Today, toe-clips and straps are an alternative to clip-in pedals. They provide foot-on-pedal security for riders who prefer flat pedals and normal footwear, particularly those who want or need to pedal at high cadences, such as fixie riders. They comprise a toe-clip that attaches to the front of the pedal and an adjustable strap that goes over your instep (and through a loop on the toe-clip). Your foot can’t slide forward and can’t be lifted up off the pedal; you have to slide it backwards out of the toe-clip.
Practise doing this before riding to work, and leave the straps loose to begin with so you can get your feet out more easily. You can use toe-clips without straps – there are smaller ‘half clips’ designed for this – but your feet aren’t held as securely.
As well as traditional toe-clips and straps, there are wider pedal straps designed to be used without clips. These allow more fore-and-aft foot adjustment and don’t limit footwear to ‘whatever will fit in the clip’. Otherwise they do the same job: keeping your foot on the pedal and allowing you to pull up a little.
The weight of a toe-clip and/or strap will make the pedal hang upside down when you remove your foot. You get used to flipping it over and sliding your foot in but you can set off from the traffic lights without doing so if need be.
Plastic toe-clips cost about £10 a pair, steel ones typically £10-£20. Toe-clip straps cost around £5 a pair for nylon ones or up to £20 or more for leather. Special wide pedal straps that don’t use toe-clips are about £30 a pair. If you have flat pedals already, you can probably fit toe-clips and/or straps, but check with your local Cyclescheme retailer if you’re unsure. You don’t need special shoes – that’s the point.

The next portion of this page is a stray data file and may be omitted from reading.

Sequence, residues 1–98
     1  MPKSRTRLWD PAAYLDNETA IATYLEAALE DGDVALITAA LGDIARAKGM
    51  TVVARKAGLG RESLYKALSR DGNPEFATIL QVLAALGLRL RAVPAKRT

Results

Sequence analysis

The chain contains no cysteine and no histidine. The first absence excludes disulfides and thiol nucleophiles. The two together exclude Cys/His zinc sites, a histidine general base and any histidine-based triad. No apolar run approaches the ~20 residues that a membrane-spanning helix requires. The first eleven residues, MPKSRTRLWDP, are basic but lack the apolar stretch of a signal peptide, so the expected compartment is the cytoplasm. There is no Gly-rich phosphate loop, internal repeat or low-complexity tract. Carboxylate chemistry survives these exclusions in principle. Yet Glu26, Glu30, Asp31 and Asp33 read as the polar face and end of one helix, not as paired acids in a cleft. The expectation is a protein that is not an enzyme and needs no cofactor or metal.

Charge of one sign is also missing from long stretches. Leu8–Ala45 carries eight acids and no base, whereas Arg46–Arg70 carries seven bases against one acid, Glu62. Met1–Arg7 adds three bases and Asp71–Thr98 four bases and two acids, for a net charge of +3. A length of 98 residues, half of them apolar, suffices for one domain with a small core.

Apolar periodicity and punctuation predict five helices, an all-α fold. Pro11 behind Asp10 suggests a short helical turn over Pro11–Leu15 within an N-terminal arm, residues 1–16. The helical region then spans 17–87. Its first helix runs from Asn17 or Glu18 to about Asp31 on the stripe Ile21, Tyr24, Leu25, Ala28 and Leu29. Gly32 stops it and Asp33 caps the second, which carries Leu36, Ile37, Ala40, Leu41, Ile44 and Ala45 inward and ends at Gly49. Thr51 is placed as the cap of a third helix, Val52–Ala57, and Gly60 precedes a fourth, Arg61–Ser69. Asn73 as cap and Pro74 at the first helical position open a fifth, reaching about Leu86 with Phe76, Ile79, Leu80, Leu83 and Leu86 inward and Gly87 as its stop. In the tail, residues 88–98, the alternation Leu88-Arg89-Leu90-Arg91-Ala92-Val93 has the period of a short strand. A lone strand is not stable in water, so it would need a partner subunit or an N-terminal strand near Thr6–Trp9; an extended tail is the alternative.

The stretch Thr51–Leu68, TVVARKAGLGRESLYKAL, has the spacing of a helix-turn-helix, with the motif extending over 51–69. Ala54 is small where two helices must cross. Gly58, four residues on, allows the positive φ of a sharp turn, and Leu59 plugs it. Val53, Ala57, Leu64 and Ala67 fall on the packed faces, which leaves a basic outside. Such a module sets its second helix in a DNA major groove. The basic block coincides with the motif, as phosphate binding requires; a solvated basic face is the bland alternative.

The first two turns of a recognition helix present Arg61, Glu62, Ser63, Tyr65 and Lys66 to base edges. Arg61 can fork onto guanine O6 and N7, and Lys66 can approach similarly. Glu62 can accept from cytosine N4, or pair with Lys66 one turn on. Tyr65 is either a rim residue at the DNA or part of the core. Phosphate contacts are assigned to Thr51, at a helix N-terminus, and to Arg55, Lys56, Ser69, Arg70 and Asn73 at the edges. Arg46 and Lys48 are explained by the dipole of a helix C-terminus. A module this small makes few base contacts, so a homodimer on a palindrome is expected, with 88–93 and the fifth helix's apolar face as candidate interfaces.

Clip-in pedals are confusingly also called clipless pedals as they don’t use toe-clips. But you do clip in. They dominate cycle racing because you don’t want to slip a pedal when you’re sprinting. There’s also evidence that when you’re sprinting – or charging up a hill – clip-in pedals allow higher peak power outputs. This matters for racers. For commuters, it doesn’t.
Clip-ins can nevertheless work fine for commuting as long as you avoid ‘road style’ clip-ins with a cleat that sits proud of the sole. For anything other than pedalling, such shoes are awful. It’s hard to walk in them – and very easy to fall on smooth or slippery surfaces. It’s fiddly to engage the cleat with the (usually) single-sided pedal when you’re setting off, something that stop-start commuters do a lot.
The clip-ins that do work for commuting are the mountain bike variety that use a much smaller cleat that can be recessed into the sole. Because the cleat is recessed, you can walk almost normally. The matching pedals are double-sided, making it much easier to clip your foot in place when setting off. The cleats are more durable because they’re made of metal rather than plastic and because they don’t get worn away on tarmac/pavements.